Fine dining with levity at Frasers Tower
Like chapters of a book being newly inked, Preludio is the start of a fresh tale by chef Fernando Arevalo (formerly from Artemis Grill). The analogy is apt because of the way the restaurant paces itself. You’ll go through an ebb and flow as you work through the courses, resulting in rising tensions, climaxes and a cliffhanger dying to be resolved.
The hype: Like chapters of a book being newly inked, Preludio is the start of a fresh tale by chef Fernando Arevalo (formerly from Artemis Grill). The analogy is apt because of the way the restaurant paces itself. You’ll go through an ebb and flow as you work through the courses, resulting in rising tensions, climaxes and a cliffhanger dying to be resolved.
The vibe: The only entity on the alfresco third floor of Frasers Tower, Preludio easily becomes the center of attention the moment you set eyes on its storefront. Viewed from outside, its floor-to-ceiling glass walls wrap around a central fountain, offering an inviting oasis of calm amidst the hustle and bustle of Tanjong Pagar.
Indoors, white textured walls offer a sense of understated sophistication while tables, spaced generously apart, each comes adorned with an art piece representing the restaurant’s running chapter. Monochrome is the current read, and this prelude is set to run from opening for about 18 months. The concept will change thereafter.
The food: Remember Monochrome Fusion Bistro on South Beach Road? Though sharing that common white-and-black theme, the food at Preludio is nothing alike. Arevalo, tired of the usual restaurant offering, has set out to make his own venture different – and he has done an exceptional job at it.
It’s hard to label the cuisine, but fine modern European is a close definition (if you need one). Only degustation menus are available here, starting from a four-course lunch ($68) to the full eight-course dinner ($218) experience. Definitely go for the latter, and if you’re here for a special occasion, a unique surprise will make the evening all the more memorable. Even if you’re here on a normal day, expect surprises (the good kind) nonetheless.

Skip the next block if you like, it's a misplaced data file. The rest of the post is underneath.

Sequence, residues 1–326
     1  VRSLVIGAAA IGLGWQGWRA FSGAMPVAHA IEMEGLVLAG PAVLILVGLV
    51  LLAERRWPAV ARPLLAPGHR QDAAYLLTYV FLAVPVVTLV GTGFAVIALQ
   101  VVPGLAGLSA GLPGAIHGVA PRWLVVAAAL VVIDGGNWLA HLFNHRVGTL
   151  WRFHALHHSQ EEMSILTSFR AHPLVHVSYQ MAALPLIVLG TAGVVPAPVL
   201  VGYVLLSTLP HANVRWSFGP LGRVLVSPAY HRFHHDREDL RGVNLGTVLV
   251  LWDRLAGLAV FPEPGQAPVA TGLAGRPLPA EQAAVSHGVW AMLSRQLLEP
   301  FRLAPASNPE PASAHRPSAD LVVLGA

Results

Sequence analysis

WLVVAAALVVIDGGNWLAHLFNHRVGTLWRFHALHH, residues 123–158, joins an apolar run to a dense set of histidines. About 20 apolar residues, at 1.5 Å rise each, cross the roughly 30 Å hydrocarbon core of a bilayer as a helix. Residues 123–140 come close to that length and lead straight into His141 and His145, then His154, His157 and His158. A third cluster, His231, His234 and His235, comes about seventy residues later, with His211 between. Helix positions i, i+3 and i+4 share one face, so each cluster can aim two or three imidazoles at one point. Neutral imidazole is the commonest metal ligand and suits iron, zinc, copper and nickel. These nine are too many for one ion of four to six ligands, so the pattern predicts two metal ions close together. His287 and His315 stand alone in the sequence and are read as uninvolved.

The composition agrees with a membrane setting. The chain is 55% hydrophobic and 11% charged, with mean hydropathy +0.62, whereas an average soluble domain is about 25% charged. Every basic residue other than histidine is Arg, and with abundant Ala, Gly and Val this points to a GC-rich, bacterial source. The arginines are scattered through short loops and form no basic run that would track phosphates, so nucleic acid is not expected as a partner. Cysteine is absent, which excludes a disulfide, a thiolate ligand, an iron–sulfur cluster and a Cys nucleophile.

It will be unbecoming of us to ruin the surprises for you (they don’t show you the course menu until after your meal, though they will definitely ask about your dietary restrictions), but in general, expect a reverence towards produce in chef Arevalo’s food. Before each dish is presented, the staff will place an ingredient (usually the key one) used in the upcoming item in front of you. In one instance, fresh almonds in their natural, green form is showcased. Feel free to open one up and bite into its juicy center. You’ll wonder why people bother eating the toasted ones.
In another instance, a staff pours 25-years aged balsamic vinegar into a bespoke glass bong meant for nosing this particular produce. Appreciate every whiff of it. Unlike most chefs, Arevalo is comfortable allowing the raw ingredient, instead of his culinary skill, to steal the limelight. And in his La Cortina pasta dish, this traditional aged balsamic vinegar is the star. Deservingly so, we might add.
But don’t be mistaken, Arevalo is a fine cook. In his Iberico pork shoulder main, the Pata Negra, you’ll find a complex profile in every tender bite. Each generous slice of meat is a mouthful of umami and marbling that then gives way to aromas of spice (and spiciness), char and a thoughtful balance of textures thanks to an added light crunch from the coating.
The drinks: On the wine list are labels sorted into black or white. No, there is no new category of black wines here, but rather, the wines are distinguished by the soil type that cradled each varietal. Under the white category are wines made using grapes that grew on limestone, chalk and the like, while the black category houses those that grew on volcanic soil, for instance.
Pick and choose your own wines, or allow witty sommelier Chip Steel to do so for you. His pairings for the course menus (additional $158 for pairing of eight) are a real treat that will especially pique the interest of oenophiles. Don’t expect the usual or the luxurious, but a nuanced range of rare finds meant to please the seasoned drinker. Plot twist: It’s not all wines in the pairing either.
Why you’ll be back: If you come once, you’ll be doing yourself a favour. But come back again with others in tow and you’ll be doing them a solid by opening up their minds to what a dining experience can be.
|Address:||Preludio, #03--01/02 Frasers Tower, 182 Cecil St., Singapore, 069547 Singapore|
|Area:||Central, Tanjong Pagar|
|Price Range:||$$$ - $$$$|
|Open since:||November, 2018|
|Opening hours:||Mon-Sat 6-10pm; Mon-Fri 11:30am-2:30pm|
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